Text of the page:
A single junk food meal - composed mainly of saturated fat - is detrimental to the health of the arteries, while no damage occurs after consuming a Mediterranean meal rich in good fats such as mono-and polyunsaturated fatty acids, according to researchers at the University of Montreal-affiliated éPIC Center of the Montreal Heart Institute. The Mediterranean meal may even have a positive effect on the arteries. The findings are being presented at the Canadian Cardiovascular Congress, which runs in Toronto until Wednesday, by the head of the study, Dr. Anil Nigam, Director of Research at the Cardiovascular Prevention and Rehabilitation Centre (éPIC) and associate professor at the university's Faculty of Medicine.
Bad fat vs. good fat
Dr. Nigam undertook the study to compare the effects of junk food and typical Mediterranean meal on the vascular endothelium: the inner lining of the blood vessels. By measuring endothelial function, it is possible to determine how easily the arteries will dilate after a temporary, five-minute occlusion, following the consumption of the two types of meals. This is a very interesting analysis for researchers to perform as endothelial function is closely linked to the long-term risk of developing coronary artery disease.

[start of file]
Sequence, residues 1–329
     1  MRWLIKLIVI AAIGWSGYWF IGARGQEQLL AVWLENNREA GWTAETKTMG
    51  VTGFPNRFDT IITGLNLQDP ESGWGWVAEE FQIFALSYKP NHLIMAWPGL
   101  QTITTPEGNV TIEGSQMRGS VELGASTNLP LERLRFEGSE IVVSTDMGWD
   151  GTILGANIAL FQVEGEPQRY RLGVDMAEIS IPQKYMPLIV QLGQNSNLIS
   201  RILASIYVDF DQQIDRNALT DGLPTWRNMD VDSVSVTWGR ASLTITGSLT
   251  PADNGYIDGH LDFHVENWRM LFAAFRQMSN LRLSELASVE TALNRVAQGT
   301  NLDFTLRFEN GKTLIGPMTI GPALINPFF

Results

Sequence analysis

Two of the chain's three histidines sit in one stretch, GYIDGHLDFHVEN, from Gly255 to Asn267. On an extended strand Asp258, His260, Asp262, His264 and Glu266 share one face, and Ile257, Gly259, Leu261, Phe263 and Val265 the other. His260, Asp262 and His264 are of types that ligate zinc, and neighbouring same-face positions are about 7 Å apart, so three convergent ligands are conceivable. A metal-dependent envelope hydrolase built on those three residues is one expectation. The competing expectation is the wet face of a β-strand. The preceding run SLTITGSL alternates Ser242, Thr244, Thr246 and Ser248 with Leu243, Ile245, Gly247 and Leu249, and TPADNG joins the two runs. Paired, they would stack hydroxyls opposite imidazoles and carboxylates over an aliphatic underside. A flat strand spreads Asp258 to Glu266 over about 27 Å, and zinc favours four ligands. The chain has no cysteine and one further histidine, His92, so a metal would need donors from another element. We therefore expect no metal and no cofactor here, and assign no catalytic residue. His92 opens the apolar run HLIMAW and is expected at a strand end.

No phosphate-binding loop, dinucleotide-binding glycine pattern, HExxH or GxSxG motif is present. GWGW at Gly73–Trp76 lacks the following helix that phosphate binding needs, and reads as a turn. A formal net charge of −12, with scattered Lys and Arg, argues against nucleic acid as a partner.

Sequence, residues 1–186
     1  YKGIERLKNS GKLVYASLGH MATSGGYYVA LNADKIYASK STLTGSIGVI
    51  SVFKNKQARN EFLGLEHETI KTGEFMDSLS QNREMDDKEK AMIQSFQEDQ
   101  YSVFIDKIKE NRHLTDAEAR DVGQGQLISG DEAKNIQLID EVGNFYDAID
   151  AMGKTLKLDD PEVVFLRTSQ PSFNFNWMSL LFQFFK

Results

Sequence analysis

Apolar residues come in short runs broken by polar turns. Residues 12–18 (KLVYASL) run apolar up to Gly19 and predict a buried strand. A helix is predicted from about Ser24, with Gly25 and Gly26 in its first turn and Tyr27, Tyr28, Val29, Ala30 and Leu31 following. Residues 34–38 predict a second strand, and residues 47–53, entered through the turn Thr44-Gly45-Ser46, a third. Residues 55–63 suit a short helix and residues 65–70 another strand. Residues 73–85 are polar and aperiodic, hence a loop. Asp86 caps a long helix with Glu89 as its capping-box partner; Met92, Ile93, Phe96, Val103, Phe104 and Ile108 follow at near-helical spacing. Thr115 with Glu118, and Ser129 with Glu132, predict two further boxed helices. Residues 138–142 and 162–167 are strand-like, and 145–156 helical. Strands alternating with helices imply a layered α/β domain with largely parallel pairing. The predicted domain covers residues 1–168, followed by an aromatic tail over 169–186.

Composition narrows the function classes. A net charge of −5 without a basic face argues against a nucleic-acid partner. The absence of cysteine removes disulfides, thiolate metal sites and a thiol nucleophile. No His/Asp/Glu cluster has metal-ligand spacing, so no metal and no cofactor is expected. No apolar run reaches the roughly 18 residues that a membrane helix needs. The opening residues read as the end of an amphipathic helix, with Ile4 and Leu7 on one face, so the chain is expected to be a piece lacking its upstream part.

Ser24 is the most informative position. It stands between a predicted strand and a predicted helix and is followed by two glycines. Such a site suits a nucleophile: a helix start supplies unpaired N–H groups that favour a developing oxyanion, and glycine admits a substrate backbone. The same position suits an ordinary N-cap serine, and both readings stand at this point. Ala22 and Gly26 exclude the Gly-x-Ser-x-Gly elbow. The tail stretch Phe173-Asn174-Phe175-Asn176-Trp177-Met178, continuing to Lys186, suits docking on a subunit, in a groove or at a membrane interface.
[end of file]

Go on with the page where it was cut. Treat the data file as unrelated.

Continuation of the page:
The study also revealed that participants with higher blood triglyceride levels seemed to benefit more from the healthy meals. Their arteries responded better to the Mediterranean meal compared to people with low triglyceride levels. "We believe that a Mediterranean-type diet may be particularly beneficial for individuals with high triglyceride levels, such as patients with metabolic syndrome, precisely because it could help keep arteries healthy," Dr. Nigam said.
Mediterranean meal vs. junk food meal